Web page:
allergy testing

Testing for Food Sensitivities - As Easy As 1-2!

Have you tried many different diets for general health improvement, for pain reduction, for weight loss, or for countering arthritic and inflammatory conditions? Do you have elevated inflammatory markers (such as ESR or hsCRP), osteoporosis, or other chronic health concerns, only to find yourself continuing to be tired, in pain, overweight, or just not getting better? If so, the culprit could be delayed, “hidden” food sensitivities. These are reactions in the body that are quite different from the immediate allergic reactions that some people experience (such as the whiff of peanut butter that sends a grade-school kid to the ER).

Delayed food sensitivities can be very confusing. In medicine they are referred to as Immunoglobulin G (IgG) reactions. Symptoms can present in many different parts of the body, and can include:

  • Chronic sinusitis, sneezing, nasal discharge
  • Fatigue, especially after meals
  • Gas, bloating, diarrhea
  • Black circles under the eyes
  • Ear infections
  • Migraines
  • Headaches, migraines
  • Watery eyes, itchy eyes
  • Itchy skin, skin rashes
  • Muscle and joint pain

The good news is that it’s SO easy to have your food sensitivities tested. The test involves a simple blood draw or finger prick, with which either an IgG-only or a combined IgG/IgE test is ordered. The results, which take approximately 2 weeks, clearly delineate how reactive your body is to each individual food item tested.

Once food sensitivities are determined, adopting a bulletproof eating plan by cutting reactive foods out of your diet can make an enormous difference in your progress towards health and vitality. As easy as 1 - 2!

For more information about food sensitivity testing, please ask your healthcare practitioner or contact us.


cleaning house

5 Non-Toxic, Simple Cleaning Recipes for a Healthier Home

Spring is here! But before you snap on those gloves for a top-to-bottom house scouring, check out the labels on your cleaning products. Most conventional cleaners are dangerously toxic, with the average cleaner containing over 60 toxic chemicals! Here are just a few ingredients that may be lurking under your kitchen sink:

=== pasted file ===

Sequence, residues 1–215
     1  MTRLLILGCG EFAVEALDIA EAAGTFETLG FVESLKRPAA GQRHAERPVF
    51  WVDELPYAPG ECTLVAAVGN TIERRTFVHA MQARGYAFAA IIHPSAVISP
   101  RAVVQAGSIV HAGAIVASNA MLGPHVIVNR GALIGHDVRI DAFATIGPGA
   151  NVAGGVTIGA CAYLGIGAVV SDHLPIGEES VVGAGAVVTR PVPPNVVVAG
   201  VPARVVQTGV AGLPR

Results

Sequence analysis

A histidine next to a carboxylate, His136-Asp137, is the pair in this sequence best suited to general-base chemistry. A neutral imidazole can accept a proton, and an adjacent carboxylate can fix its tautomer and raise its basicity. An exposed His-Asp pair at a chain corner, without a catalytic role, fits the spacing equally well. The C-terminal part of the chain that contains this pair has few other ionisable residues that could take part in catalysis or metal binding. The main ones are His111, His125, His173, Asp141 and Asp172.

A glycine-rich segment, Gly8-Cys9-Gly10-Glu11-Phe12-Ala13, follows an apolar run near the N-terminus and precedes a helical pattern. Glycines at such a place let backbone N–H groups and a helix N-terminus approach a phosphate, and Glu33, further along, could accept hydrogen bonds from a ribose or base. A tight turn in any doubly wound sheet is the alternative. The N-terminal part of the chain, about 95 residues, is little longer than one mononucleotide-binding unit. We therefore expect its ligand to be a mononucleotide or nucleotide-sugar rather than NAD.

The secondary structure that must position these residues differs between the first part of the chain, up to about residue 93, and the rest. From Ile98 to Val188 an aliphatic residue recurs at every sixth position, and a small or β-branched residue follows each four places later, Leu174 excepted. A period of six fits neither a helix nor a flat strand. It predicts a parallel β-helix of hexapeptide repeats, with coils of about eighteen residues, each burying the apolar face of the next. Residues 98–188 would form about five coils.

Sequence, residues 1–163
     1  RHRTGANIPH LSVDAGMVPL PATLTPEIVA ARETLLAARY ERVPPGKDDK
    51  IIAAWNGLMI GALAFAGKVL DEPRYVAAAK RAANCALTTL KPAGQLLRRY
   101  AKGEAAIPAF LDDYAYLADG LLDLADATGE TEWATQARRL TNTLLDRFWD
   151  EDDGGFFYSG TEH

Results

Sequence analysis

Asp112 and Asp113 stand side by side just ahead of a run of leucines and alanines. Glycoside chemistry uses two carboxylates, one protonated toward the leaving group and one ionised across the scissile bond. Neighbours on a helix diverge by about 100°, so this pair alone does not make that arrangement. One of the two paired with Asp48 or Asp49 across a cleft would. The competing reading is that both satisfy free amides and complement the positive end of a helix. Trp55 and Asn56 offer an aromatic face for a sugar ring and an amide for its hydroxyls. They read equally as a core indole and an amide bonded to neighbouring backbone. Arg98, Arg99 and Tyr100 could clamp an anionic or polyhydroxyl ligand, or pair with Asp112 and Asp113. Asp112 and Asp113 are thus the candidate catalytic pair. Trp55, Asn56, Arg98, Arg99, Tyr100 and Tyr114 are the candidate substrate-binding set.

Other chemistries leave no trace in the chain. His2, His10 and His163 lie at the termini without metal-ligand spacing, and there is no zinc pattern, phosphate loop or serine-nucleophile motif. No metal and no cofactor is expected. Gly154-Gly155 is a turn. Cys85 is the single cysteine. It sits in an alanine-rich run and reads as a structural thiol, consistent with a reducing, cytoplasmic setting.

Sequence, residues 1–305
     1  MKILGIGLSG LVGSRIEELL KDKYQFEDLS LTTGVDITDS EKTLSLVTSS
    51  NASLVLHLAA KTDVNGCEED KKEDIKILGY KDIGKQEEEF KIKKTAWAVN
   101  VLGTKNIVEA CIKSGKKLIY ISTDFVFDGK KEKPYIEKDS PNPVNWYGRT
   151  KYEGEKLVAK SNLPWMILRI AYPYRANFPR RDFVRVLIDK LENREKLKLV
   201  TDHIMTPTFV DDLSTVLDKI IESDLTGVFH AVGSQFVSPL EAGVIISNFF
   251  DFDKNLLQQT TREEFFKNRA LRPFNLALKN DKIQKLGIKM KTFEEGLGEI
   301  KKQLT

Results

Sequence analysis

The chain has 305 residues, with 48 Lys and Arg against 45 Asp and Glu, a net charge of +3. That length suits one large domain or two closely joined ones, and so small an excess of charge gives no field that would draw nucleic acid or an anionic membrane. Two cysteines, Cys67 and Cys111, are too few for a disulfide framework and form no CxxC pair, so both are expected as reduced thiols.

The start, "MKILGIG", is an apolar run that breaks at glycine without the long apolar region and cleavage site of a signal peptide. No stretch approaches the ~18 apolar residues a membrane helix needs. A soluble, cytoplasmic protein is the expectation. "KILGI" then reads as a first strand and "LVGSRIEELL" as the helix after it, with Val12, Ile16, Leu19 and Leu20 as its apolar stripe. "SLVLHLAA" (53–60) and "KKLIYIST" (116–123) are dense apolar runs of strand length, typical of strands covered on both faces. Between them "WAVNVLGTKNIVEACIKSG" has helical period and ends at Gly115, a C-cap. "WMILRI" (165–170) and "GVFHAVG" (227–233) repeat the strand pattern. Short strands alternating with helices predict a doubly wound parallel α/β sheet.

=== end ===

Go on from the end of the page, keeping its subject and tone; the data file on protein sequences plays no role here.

• Sodium Hydroxide
  • Propylene glycol
  • 2 Hexoxyethanol
  • 2-Butoxyethanol
  • Ammonium Hydroxide
  • Viden EGM
  • Liquitint Sky Blue Dye
  • Perchloroethylene
  • Triclosan
  • Quaternary Ammonium Compounds

Manufacturers of conventional cleaners tend to note that in small quantities these ingredients aren’t likely to be a problem. However, when exposed to them routinely and in combinations that haven’t been studied, there is no good way to accurately assess the risks. Individual chemicals do get studied, and many of those that have ended up in our household cleaners have been found to be hormone disruptors, neurotoxic, and toxic to the reproductive system.

More and more people are finding that they are “chemically sensitive” and cannot tolerate household cleaning supplies, fragrances, and body care products. Headaches, skin burns, dizziness, breathing problems, nausea, and instant-onset fatigue are some of the symptoms associated with exposure.

If you want to get toxins out of your home, protect yourself and the environment, here are a few simple recipes to replace conventional cleaners, at a fraction of the cost. And, they're fun to make!

 

Window Cleaning Recipes

Combine in a 16 oz spray bottle:

  • ¼ cup rubbing alcohol
  • ¼ cup white vinegar
  • 1 tablespoon cornstarch
  • 1 ½ cups distilled water
  • 10 drops of essential oil, if desired- lemon, orange, lavender, bergamot, tea tree

Spray and wipe. This cleaner is good for windows, mirrors, stainless steel, aluminum, chrome, ceramic, and plastic.

 

All Purpose Cleaning Recipe

  • Combine in a 16 oz spray bottle:
  • 1 cup white vinegar
  • 1 cup distilled water
  • 20 drops essential oil, depending on preference: oregano oil, clove oil, lavender oil, lemon oil, orange oil are some options

Shake until mixed, then spray on and wipe.